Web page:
As I depicted above, sometimes it’s not a budgeting issue that people have—it’s an income issue. But after much deliberation, it may seem as though a job at the mall or the grocery store wouldn’t be worth the effort, especially after taxes are accounted for. But like I’m sure you’ve heard before, if you keep doing what you’re doing, you’ll keep getting what you’re getting. So you have to CHANGE your strategy!

Think about it this way: if you had to have a second (or in some cases a third job) for only 1 year, could you do it? Of course you could! You can do anything, especially when you know it’s only temporary. That’s the mindset you have to have when charting a new financial path for yourself. Whether it’s a home-based business, like what I chose to do, or something within the confines of a retail operation or a franchise, something is always better than nothing.

I guess it’s all about how bad you want it, how fast you want it, and what your “it” is. Is it getting out of debt? Is it saving for a house? Whatever it is, get passionate. Get dedicated. Like a boss.


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Do What it Takes to be Envied

Click. Customize. Celebrate.

Yes, I know, I know, envy is one of the seven deadly sins. But in this case, it’s totally acceptable. When could having envy in your heart and soul be okay and almost advocated for? When you’re talking about Banner Envy of course! Let me start from the beginning…

In starting this blog several months ago, it became more and more apparent with each post I published that I needed a change. The marketing world was where I wanted to build my career, but with what I was doing and where I was, I didn’t feel like I was building a career with brick and mortar; I felt like I was digging a huge hole in attempt to start laying the foundation, but the digging seemed unending; I was running out of motivation and energy, with the goal of a perfect, satisfying career slowly dissipating each day.

I couldn’t fall to hypocrisy. After all, the majority of my posts have been dedicated to doing what you love, making your career not feel like work, and just because a job landed in your lap five years ago doesn’t necessarily mean it’s the job for you. I had to take my own advice, knowing sometimes the right thing and the hard thing are the same. With this epiphany, my search for not only a job but a CAREER was underway.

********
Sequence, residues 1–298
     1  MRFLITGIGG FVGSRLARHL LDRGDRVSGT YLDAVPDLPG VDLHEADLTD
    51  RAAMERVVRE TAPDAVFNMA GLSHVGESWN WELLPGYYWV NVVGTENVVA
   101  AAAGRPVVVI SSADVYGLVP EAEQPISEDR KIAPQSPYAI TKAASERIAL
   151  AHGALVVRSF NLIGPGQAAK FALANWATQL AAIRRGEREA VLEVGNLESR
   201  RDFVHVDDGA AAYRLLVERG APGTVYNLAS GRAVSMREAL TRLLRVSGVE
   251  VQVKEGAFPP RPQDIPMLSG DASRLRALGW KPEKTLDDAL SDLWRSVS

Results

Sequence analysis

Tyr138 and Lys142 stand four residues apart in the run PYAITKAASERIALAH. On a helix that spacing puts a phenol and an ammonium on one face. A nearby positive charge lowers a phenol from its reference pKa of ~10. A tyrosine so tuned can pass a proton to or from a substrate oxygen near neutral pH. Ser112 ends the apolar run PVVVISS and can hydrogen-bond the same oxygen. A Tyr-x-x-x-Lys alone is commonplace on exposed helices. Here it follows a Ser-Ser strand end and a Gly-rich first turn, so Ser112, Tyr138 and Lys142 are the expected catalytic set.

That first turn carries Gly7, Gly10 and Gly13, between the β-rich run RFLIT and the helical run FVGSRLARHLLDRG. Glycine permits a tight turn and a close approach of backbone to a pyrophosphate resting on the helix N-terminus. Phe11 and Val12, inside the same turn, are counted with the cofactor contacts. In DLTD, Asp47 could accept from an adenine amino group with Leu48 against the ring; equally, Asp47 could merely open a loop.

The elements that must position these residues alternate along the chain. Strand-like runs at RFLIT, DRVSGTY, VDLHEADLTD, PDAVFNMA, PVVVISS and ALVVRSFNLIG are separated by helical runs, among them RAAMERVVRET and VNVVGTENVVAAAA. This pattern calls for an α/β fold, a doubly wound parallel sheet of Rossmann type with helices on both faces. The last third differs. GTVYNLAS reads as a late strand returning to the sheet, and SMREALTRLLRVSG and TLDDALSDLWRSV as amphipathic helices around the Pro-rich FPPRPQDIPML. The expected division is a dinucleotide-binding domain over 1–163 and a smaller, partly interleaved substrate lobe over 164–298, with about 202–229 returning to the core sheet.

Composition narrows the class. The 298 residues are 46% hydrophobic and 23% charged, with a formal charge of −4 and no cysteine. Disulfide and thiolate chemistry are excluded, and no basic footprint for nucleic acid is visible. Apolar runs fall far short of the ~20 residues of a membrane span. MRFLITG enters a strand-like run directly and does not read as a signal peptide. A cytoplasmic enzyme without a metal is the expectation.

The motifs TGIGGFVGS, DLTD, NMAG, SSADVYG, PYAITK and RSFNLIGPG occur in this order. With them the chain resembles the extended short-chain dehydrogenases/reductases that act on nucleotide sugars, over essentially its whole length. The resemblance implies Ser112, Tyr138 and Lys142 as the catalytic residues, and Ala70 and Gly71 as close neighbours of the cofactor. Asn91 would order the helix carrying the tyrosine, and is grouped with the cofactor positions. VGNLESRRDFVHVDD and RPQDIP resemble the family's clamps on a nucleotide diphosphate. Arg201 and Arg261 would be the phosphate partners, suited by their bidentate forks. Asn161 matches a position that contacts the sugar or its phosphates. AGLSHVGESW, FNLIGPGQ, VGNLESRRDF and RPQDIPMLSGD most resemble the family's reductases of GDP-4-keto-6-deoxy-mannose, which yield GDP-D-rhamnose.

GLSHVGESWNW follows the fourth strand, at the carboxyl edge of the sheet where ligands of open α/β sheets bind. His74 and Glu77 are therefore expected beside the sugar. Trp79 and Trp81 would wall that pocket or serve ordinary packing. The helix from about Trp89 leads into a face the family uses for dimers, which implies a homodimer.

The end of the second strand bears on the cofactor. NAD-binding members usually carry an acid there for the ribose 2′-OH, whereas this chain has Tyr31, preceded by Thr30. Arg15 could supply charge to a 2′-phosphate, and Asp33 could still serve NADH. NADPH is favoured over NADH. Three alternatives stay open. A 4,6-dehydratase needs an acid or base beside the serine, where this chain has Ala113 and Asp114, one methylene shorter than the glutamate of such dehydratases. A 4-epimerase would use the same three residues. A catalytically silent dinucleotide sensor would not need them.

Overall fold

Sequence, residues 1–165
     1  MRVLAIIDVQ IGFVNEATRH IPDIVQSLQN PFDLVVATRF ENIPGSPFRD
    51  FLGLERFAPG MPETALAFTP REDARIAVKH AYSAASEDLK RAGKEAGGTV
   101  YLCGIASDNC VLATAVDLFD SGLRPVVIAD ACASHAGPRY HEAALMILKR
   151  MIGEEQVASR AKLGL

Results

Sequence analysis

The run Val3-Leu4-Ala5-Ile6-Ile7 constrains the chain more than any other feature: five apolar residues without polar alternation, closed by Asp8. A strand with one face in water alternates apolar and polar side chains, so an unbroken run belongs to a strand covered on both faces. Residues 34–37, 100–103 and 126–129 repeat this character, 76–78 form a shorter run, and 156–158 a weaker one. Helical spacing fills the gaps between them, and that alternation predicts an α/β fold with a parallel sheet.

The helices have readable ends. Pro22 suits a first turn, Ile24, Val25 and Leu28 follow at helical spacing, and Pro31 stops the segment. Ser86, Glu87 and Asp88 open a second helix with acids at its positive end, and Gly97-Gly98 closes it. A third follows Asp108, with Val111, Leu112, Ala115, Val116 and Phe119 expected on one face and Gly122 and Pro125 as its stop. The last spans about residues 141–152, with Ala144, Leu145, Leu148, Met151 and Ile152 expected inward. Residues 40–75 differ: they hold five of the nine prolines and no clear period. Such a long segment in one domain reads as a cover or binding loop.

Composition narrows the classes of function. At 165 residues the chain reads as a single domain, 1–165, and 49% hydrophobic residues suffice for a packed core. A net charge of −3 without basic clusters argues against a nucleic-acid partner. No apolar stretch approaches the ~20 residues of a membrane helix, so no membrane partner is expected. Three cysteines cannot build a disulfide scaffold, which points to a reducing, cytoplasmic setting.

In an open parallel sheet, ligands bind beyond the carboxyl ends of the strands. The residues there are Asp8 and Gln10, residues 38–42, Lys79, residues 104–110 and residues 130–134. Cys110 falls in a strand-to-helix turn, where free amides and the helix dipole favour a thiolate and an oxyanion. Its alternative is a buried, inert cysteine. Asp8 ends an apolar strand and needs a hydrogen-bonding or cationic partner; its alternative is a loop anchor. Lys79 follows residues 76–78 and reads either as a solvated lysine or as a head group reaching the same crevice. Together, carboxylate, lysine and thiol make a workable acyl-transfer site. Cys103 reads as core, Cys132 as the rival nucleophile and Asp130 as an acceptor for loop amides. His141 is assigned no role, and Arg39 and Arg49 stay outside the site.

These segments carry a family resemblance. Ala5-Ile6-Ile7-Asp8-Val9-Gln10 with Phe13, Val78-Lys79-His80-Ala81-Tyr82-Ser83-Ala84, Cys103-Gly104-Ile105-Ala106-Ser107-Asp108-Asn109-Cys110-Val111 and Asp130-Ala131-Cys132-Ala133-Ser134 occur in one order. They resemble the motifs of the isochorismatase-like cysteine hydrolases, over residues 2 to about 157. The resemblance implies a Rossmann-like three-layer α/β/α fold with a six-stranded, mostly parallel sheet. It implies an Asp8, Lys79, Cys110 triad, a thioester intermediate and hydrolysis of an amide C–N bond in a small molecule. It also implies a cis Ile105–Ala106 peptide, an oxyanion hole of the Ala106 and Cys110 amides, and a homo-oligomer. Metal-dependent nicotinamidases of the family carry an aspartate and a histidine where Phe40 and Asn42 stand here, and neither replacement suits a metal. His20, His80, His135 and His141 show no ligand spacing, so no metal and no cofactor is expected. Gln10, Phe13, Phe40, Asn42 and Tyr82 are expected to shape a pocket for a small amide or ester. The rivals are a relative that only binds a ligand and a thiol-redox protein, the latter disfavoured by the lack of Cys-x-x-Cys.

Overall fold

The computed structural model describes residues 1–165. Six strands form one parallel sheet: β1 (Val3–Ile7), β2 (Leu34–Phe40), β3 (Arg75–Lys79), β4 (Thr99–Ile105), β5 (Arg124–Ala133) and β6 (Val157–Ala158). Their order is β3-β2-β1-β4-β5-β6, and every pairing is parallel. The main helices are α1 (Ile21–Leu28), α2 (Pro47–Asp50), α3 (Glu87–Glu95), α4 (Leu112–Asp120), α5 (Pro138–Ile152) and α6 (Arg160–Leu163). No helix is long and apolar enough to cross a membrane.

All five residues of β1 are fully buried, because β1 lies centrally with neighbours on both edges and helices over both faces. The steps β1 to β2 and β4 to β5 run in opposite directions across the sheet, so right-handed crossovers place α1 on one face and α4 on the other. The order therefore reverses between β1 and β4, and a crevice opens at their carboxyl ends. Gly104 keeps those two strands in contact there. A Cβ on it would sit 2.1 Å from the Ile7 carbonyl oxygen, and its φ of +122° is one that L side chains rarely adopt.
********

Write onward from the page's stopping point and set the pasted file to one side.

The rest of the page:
Enter Banner Envy, the perfect job opportunity, a business carved out of what people are looking for in today’s marketplace: something that makes a statement, sets itself apart from all others like it, and adds a personal touch to the year’s best party or event, making it unforgettable for all who attend. Not only do people hope and pray they are invited next year, they would do anything short of taking care of your landscaping for a summer or shoveling your driveway for a winter to be sure they remain on the guest list.

Another great thing about Banner Envy: it’s simple and easy. All you have to do is visit the site, click on the banner you like, customize it, and viola! And who doesn’t need a banner for their monumental event? Whether it’s your annual Cinco de Mayo siesta with all your neighborhood friends or your ten-year class reunion where you  evaluate who has aged well and who, ahem, hasn’t, forget the confetti and the streamers. Just get a banner.


Change of Seasons, Change of Heart


The building may be pretty, but think about the bill!

I just received the dreaded phone call from my sister who started her first year of college only a month ago. When I saw her call come in and hit “accept,” I could sense the unsureness and panic in her voice. She didn’t waste any time telling me what was bothering her. The statement “I think I want to change my major” was hurriedly followed by the reasons why she wasn’t being fulfilled in her classes and how she came to this conclusion.

For all of us who have been through college, these times of “finding ourselves” seem so far off in the distant past that we probably read this and shrug it off, thinking it’s not that big of a deal. After all, how many of us even have jobs or careers in what we studied in college? I know I don’t. But before I spewed out my advice, I tried to not only think about the thoughts that were most likely swirling through my sister’s brain, but also about what I went through as a college student, the mistakes I made, and how to have her avoid them.

Do I think where you go to school means everything? No. After all, I went to a small, rural school for two years and transferred to a large university almost quadruple the first one’s size. It wasn’t because of the dorm rooms with their own private bathrooms, or the fact that they had my favorite cereal (Cinnamon Toast Crunch if any of you are taking notes), or even that the people wore UGG boots and carried Herve Chapelier bags.  It was hard to explain then, and it’s just as hard now. It just wasn’t… “it” for me. Little did I know, it was because the college didn’t fit over my hips! Say what?!